The Transformation of Intimacy: The Case of Birth Partners

Bartáková Petra


This article focuses on the transformation of intimacy, in particular
on the experiences of Czech mothers who gave birth with the support of
professional and non-professional birth partners. In our area, all births in
the last century have shifted from the domestic environment, full of various
ritual practices, to the institutional environment of maternity hospitals. In
this sense, the labouring woman is separated from related persons. During the
1970s, obstetric care changed under the influence of the rising commercialisation
and individualisation of obstetric care. Maternity hospitals started to
open to the public and to also organise visits in delivery rooms, as well as in
post-natal rooms, and to tolerate the presence of accompanying persons at
the delivery. In the Czech environment, similar changes in obstetrics appeared
after 1989. Relationships between clients (parents) and professional accompanying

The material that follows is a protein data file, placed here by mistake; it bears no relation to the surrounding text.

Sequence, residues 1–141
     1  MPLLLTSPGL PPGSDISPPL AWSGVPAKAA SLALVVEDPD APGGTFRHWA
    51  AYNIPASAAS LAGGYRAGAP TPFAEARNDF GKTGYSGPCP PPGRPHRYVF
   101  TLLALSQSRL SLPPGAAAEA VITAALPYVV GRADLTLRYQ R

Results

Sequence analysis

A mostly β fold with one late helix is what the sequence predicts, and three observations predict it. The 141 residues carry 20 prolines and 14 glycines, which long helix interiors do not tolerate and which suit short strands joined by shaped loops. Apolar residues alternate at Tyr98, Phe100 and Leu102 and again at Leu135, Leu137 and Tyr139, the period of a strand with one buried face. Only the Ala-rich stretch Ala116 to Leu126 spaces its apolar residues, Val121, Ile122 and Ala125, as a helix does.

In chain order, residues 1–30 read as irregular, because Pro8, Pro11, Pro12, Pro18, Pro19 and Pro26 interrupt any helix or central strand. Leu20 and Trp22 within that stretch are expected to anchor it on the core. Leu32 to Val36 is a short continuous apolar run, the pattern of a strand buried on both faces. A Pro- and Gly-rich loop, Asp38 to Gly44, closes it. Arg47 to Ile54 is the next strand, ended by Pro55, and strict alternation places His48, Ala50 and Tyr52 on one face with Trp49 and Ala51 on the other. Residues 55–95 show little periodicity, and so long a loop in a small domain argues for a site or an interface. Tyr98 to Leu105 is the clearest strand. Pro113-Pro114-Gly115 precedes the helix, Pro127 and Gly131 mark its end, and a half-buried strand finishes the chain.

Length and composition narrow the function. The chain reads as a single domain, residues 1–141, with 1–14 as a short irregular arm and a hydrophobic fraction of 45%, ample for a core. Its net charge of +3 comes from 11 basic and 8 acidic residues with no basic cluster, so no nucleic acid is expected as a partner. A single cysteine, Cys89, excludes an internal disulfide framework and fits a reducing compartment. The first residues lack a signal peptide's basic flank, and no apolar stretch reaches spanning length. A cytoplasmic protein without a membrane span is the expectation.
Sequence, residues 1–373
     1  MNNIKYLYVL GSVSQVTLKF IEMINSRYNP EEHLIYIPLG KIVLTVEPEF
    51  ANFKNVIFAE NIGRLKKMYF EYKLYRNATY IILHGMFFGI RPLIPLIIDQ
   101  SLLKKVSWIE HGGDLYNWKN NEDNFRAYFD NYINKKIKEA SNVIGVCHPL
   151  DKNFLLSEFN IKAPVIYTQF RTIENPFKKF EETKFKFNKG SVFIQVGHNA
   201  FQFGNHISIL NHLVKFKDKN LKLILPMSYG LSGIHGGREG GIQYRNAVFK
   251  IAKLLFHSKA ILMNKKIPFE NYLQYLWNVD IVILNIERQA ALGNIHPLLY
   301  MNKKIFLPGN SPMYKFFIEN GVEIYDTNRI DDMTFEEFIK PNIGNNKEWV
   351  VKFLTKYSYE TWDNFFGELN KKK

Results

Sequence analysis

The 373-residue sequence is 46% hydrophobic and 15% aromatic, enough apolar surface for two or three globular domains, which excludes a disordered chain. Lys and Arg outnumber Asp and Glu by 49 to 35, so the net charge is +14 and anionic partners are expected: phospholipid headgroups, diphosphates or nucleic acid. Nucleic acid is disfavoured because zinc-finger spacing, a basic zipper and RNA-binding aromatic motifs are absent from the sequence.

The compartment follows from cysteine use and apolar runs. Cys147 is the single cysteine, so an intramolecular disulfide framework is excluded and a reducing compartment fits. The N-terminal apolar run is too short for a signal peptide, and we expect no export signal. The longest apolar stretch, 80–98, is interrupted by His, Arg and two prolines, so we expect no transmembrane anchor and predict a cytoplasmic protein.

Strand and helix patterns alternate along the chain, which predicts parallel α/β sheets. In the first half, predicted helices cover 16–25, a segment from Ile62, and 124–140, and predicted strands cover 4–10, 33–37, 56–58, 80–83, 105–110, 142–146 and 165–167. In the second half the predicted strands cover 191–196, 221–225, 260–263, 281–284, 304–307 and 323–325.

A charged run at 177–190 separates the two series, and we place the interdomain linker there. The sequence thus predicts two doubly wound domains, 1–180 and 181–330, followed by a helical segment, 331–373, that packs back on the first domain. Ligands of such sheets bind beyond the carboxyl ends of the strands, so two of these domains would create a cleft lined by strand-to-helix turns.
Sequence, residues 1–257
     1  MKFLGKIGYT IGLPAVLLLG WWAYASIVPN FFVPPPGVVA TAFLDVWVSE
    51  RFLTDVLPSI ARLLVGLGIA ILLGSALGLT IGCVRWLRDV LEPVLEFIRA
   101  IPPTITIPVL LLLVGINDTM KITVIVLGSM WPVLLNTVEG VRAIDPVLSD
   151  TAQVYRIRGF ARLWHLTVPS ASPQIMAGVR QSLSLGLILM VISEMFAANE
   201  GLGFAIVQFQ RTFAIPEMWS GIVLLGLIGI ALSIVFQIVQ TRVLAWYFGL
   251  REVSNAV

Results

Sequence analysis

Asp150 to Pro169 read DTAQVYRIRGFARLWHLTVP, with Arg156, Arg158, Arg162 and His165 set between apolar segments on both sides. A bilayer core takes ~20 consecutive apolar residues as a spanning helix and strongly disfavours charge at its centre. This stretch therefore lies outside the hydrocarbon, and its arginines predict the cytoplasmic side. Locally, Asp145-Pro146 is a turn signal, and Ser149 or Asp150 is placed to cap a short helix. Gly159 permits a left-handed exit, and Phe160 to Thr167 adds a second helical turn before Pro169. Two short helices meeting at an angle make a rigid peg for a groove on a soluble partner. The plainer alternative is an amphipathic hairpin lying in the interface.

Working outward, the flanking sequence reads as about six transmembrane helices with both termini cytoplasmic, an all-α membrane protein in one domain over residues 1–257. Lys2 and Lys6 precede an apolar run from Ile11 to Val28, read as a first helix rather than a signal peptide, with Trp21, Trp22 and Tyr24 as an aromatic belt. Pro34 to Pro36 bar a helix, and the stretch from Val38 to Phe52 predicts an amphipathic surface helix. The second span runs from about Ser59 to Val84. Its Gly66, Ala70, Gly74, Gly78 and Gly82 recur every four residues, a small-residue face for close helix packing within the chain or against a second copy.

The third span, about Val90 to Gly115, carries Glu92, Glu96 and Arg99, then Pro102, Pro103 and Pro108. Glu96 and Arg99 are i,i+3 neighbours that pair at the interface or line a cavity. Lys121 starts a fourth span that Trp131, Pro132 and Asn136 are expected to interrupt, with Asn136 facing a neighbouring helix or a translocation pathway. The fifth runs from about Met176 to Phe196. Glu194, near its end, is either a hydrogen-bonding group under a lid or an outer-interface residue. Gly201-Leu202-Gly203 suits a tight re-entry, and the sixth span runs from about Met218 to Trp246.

persons (doulas, independent midwives) can involve contemporary
practices of intimacy such as self-disclosure, physical contact, and practical
care. This “new” phenomenon of birth partners blurs the boundaries between
an intimate relationship and a commercial transaction. My work primarily
builds upon social studies focused on the transformation of intimacy in modernity
and human reproduction, in particular, the theoretical foundations of
the anthropology and the sociology of childbirth. The goal is to elucidate the
processes of the transformation of intimacy, which are characteristic of temporary
intimacy, through analysing eighteen semi-structured and narrative
interviews given by birth partners and mothers who had a birth companion.


childbirth; birth partners; intimacy; transformation of intimacy; temporary intimacy; maternity hospitals

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Vydání: 18, 2016, 1